Wav file is static

I am trying to import a wav file. But whenever I try to import just with the open file it comes back with "Audacity did no recognize the type of the file. If it is uncompressed, try importing it using “Import Raw.” So I try and import using the “Import Raw” and when it comes up and I do the playback it is just static and it has cut a 7 min recordeing down to 2.5 seconds. Any ideas?

Are you sure that it is a “WAV” file? From your description it sounds as if the file is in a compressed format that is not recognised by Audacity.

When I go to the properties it shows it as a “Wave Sound (.wav)”

It does also play in windows media player.

it has cut a 7 min recordeing down to 2.5 seconds.

That’s a good indication it’s compressed, but that’s a LOT more compression than you usually get. (The playing time you get will vary with the sample rate, but depth, and number of channels that you choose when you open the “raw” data.)

Did you install the optional FFMPEG import/export library? It works with most compressed formats.

If you open a compressed file as raw audio data, you’re going to get noise. If you choose the wrong bit depth or the wrong offset, or the wrong endin, you can also get noise.

What can you tell us about this file? Where did this file come from?

Do you know the bit-depth, sample-rate, or number of channels? (With uncompressed files, we can use this information to calculate file size… If the file is smaller than the calculation, we know it’s compressed.)

Can you play the file with Windows Media Player? How do you know it’s 7 minutes?

Try checking the file with [u]MediaInfo[/u] to find out the format. (I think MediaInfio installs crapware, so be careful and don’t answer “yes” to every question when you install it.)

I downloaded media info and this is the information it came back with:
Format : Wave
File size : 936 KiB
Duration : 7mn 59s
Overall bit rate : 16.0 Kbps

Format : A119
Codec ID : A119
Duration : 7mn 59s
Bit rate : 16.0 Kbps
Channel(s) : 1 channel
Sampling rate : 8 000 Hz
Bit depth : 2 bits
Stream size : 936 KiB (100%)

It does play in window media player.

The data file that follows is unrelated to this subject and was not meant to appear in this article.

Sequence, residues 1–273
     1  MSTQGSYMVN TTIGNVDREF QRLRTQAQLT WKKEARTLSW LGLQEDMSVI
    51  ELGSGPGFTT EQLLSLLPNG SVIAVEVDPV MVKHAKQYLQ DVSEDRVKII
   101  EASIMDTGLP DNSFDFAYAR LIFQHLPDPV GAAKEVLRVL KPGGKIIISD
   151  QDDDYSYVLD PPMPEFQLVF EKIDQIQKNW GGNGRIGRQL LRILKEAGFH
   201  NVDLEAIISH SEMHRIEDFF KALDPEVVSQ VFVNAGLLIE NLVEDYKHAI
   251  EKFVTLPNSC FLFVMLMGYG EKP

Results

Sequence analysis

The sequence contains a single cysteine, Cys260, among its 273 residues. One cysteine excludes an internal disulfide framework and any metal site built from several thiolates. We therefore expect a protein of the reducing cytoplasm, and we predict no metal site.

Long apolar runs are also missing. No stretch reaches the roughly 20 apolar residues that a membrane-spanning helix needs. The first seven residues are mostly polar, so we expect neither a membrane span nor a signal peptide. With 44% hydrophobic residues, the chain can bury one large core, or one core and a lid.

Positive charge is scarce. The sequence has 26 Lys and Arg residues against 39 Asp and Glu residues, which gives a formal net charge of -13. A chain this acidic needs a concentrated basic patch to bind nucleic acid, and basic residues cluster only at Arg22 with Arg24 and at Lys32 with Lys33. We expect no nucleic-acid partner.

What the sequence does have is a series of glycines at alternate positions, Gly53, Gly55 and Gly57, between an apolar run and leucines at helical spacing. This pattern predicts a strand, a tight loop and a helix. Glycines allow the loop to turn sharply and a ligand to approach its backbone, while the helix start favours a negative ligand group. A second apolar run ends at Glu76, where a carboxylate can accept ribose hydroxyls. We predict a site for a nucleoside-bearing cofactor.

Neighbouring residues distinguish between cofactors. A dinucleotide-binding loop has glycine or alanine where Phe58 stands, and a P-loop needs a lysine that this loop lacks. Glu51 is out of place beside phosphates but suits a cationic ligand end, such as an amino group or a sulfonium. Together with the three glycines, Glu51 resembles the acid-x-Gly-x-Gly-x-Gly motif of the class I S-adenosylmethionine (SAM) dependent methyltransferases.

And don’t forget that WAVE is a container format that can contain a whole lot of different (compressed and uncompressed) audio formats!

This includes various flavors of uncompressed PCM, which is the most common use of WAVE, but it also includes various compressed formats like ADPCM, AC3, DTS, MP3, AAC and WMA (full list of WAVE format codes here or here).

I second the suggestion to use MediaInfo, which should give you the detailed info about the WAVE file - or tell you that it actually not a WAVE file.

Overall bit rate : 16.0 Kbps

PCM files don’t have an “overall” or approximate bit rate. They have a fixed one and it’s far higher than that.


I made up a simple stereo WAV file and it’s bitrate is 1,412 Kbps. So you have an odd duck. If you have FFMpeg installed and it still won’t open, then you may have a damaged file.


The “Codec ID” that MediaInfo gives for a normal WAV file is “1”.
Google search comes up with nothing useful for Codec ID : A119, but it is not a normal WAV file.
Where did the file come from?

Even the Help in MediaInfo does not list A119:

A109;Speex;2CC;A;;;;> http://www.speex.org/

If this is the only file you have like this, I suggest you either install FFmpeg and see if the file is understood, or play the file in Windows Media Player and record it into Audacity. See Tutorial - Recording Computer Playback on Windows - Audacity Manual .


0xA119 does not seem to be among the WAVE Codec ID’s that FFmpeg does recognize (see link in this post). How did to create that file or where did you obtain it?

EDIT: Could be the ATRAC3plus format, a format use primarily on “MiniDisc”.

Actually I would say that there are no “normal” and “abnormal” WAVE files.

WAVE is a container that can store a multitude of different audio formats. Uncompressed PCM is only one of them and even plain PCM can be either 0x1 (Integer) or 0x3 (floating point). See this post for details.

By far the most common type of WAV file is “signed 16 bit PCM”. As it is far more common than other types of WAV, I don’t think it is unreasonable, when describing in layman’s terms, to refer to it as “normal” :wink:

It seems unlikely - that has a fixed minimum 48 kbps bit rate and I doubt Media Player would play it.